Album of the Day: Taina Asili’s Resiliencia

Posted by Greg on Apr 25, 2019 in Music |

If there’s one advantage to the #MeToo movement it is the rise of female empowerment and overall accountability for every citizen. One such figure emerging is New York singer-songwriter and activist Taina Asili, a second generation Puerto Rican with a lifetime full of chutzpah.

Her latest album Resiliencia is a cornucopia of Caribbean rhythms, first-rate horns and some seriously passionate vocals. Though the album is a bit of a mess, there are some great contributions. First of those is the earworm “Even If” an empowerment rebuke against over-aggressive men and misogyny. If ever the #MeToo movement needs an anthem, they have certainly found it in this one. Fiery, determined and richly constructed, it’s the perfect song for this perfect moment.

The brawny “Plant the Seed” begins acapella but quickly moves away from that. Unfortunately as it shifts away from the minimalism, the song loses its impact. That unfortunately is a trend that blankets much of the album, but more on that later. The title track “Resiliencia” is one of the album’s apex moments. Featuring a steady mix of funk and Caribbean inspired hip-hop it is a clarion call to arms and ostensibly Asili’s rallying cry and mission statement. Probably the best part about “Resiliencia” is that the song opens with just a voice and some minimal percussion and gradually rises into something angry, dissident and passionate. What results is a sultry, island groove song with ample horns, sturdy percussion and hyper confident vocals.

Asili sings in both Spanish and English and to be frank her Spanish songs are the ones most worth playing back. “Gave You All My Love” is sultry and seductive but the song doesn’t carry it’s weight at all and falls apart halfway through. Ditto for the ska-inspired “Who I Am.” The best English-sung song is “Beyond the Stars” a roots-driven effort that just might be the strongest song on the album. Aided by some sensational sitar playing by Veena Chandra, the song is an absolute slam-dunk from start to finish. The problem with Resiliencia is there are not more songs as expertly constructed as “Beyond the Stars.” To put it simply, more songs like this one and the album would have been a home-run. Instead it falls apart way too often.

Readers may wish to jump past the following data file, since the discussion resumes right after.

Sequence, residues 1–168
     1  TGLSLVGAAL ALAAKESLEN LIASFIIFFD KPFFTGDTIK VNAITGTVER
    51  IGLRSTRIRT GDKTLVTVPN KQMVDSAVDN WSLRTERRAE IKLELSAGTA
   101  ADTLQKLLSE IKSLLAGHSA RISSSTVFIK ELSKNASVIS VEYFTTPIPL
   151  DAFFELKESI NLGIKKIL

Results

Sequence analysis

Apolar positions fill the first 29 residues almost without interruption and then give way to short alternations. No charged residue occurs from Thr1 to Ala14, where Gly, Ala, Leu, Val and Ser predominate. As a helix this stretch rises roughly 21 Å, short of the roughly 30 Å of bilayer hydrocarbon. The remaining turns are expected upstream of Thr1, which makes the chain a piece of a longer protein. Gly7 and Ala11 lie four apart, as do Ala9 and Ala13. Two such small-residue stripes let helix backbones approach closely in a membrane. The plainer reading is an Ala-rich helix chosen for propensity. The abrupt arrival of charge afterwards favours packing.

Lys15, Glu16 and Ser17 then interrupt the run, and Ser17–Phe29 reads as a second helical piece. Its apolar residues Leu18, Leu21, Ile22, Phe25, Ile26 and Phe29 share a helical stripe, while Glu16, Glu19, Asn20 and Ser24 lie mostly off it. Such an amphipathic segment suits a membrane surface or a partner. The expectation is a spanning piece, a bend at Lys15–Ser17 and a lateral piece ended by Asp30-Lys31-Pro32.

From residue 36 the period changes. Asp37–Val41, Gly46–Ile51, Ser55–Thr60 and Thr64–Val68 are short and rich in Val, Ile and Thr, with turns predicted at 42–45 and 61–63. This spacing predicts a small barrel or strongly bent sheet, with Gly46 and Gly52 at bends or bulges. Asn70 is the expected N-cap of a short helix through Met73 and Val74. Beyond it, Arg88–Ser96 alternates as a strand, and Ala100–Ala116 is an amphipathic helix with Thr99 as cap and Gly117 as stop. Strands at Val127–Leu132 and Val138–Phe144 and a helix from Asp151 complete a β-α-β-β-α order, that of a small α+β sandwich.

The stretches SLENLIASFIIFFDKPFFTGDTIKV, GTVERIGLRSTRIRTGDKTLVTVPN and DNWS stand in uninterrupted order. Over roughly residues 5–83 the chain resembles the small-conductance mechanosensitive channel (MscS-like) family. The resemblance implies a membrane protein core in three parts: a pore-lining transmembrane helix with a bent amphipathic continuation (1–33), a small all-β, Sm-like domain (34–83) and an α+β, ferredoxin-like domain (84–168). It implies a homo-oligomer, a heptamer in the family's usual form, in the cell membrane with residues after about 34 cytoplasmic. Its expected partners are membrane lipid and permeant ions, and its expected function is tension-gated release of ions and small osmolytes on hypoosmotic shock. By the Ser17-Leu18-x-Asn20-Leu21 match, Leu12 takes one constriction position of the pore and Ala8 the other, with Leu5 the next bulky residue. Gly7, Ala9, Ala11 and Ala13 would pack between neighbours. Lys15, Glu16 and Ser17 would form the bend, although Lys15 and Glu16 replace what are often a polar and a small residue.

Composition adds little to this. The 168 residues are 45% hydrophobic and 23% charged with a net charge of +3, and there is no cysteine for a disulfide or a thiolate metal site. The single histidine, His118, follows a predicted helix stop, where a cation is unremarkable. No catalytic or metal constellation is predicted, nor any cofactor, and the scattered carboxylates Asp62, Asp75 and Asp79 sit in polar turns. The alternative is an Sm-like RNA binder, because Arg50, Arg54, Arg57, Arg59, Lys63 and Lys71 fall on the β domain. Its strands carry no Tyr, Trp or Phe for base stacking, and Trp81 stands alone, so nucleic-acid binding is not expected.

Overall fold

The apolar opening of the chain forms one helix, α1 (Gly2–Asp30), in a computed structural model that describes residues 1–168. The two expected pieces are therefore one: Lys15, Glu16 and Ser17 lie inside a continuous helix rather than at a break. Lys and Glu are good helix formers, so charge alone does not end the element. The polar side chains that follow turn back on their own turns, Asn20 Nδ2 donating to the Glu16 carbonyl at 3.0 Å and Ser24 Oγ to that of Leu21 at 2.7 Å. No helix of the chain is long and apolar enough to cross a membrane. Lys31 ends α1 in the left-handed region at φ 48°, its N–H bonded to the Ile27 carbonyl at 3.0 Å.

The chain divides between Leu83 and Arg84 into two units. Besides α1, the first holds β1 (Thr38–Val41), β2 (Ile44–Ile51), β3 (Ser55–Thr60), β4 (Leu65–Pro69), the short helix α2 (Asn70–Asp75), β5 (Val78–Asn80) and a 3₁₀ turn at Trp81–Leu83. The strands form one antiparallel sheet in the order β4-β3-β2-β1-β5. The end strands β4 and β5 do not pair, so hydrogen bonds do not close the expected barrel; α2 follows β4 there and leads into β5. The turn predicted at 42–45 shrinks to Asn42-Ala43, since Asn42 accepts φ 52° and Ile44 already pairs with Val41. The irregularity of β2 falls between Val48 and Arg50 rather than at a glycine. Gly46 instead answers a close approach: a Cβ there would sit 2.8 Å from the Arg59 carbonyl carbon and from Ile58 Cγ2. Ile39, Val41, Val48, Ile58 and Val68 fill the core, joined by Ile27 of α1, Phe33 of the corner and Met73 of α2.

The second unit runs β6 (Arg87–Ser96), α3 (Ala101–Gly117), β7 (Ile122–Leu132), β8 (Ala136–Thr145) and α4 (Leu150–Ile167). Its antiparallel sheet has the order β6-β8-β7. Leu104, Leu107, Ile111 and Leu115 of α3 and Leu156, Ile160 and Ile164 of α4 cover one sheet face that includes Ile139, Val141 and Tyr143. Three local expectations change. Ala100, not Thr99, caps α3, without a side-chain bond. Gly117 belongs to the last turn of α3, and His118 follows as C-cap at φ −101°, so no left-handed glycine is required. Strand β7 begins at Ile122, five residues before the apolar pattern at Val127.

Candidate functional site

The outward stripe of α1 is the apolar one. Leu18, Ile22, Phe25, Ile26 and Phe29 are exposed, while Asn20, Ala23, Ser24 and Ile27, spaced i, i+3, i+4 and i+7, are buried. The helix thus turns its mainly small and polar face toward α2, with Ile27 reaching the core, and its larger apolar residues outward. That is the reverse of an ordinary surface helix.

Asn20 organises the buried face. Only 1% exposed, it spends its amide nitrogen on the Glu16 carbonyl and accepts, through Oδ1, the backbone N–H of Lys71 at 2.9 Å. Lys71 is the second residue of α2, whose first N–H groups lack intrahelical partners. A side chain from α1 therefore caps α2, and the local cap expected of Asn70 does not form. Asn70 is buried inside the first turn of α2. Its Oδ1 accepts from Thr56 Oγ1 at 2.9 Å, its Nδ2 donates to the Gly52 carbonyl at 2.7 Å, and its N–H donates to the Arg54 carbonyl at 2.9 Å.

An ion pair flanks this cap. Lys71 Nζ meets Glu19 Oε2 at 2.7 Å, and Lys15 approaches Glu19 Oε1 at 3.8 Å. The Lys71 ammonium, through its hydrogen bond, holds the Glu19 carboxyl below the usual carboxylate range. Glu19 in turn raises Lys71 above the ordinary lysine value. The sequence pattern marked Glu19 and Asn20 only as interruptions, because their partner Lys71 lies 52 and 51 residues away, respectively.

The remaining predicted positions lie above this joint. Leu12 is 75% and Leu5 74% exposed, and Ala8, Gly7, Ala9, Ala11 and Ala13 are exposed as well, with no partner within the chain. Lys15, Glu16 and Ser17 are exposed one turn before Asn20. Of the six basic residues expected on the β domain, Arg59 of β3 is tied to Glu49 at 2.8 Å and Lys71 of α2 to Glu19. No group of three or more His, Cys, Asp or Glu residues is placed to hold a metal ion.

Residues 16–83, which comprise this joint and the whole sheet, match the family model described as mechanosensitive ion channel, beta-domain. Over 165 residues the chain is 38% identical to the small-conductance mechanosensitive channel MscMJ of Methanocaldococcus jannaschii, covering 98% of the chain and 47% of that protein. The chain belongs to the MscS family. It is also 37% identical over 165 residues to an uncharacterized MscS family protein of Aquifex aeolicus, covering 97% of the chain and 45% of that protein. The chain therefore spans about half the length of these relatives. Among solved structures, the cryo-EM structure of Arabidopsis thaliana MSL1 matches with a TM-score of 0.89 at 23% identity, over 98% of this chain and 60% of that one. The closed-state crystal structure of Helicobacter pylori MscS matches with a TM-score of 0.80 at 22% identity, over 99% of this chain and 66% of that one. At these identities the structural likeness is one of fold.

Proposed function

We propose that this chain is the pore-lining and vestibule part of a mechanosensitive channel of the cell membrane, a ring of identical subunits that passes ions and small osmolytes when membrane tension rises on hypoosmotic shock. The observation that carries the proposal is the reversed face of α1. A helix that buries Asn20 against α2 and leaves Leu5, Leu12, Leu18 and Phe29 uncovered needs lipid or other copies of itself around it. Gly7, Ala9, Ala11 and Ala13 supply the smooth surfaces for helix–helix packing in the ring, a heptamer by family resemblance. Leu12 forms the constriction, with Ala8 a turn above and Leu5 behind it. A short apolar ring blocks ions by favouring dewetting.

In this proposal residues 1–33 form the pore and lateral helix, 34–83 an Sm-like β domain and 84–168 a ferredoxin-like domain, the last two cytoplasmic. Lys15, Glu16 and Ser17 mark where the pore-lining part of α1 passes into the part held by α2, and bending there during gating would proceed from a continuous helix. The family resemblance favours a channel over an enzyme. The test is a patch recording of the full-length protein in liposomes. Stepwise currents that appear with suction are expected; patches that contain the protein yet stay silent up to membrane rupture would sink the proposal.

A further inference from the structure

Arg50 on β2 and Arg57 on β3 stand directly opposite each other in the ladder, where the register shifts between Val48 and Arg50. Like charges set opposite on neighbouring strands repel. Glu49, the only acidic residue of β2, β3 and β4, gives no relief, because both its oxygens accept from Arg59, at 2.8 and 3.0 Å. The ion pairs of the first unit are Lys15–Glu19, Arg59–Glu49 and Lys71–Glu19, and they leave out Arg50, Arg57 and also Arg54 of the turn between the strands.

The album is not all a wash. “Cancion de Luz” and “Cucubano” have winning moments and both of them have one yearning for a mojito and mofongo. But in an album meant to inspire, motivate and educate, Resiliencia falls short. Though the horns are luscious and absolutely worth the investment, everything else sounds like a muddled, hurried, chaotic mess. For now blast “Even If” and “Beyond the Stars” on repeat, and hope for a better effort next time out.

To date, Asili has been featured at the Women’s March on Washington, Rolling Stone and Billboard, mostly on the heels of the anti-Trump anthem “No Es Mi Presidente.” Clearly, she’s gaining traction, but whether Resiliencia sees her rise beyond that flashpoint single remains to be seen. While we do need more Latin women speaking their truth in the American musical landscape, Asili’s Resiliencia is not the best showcase of her talent. Having shared stages with the likes of Alicia Keys, Janelle Monae, Talib Kweli and Tom Morello throughout her 20-year career, she certainly knows her way around a big stage. Maybe we’re just too square for an album like this, but we here at SITH are having a hard time digesting much of Resiliencia. Maybe that’s because we don’t listen to much cumbia, reggaeton, salsa and Afrobeat and maybe that’s because feminism is a tough subject.

Then again, maybe that’s the point. The truth is often a bitter pill to swallow.


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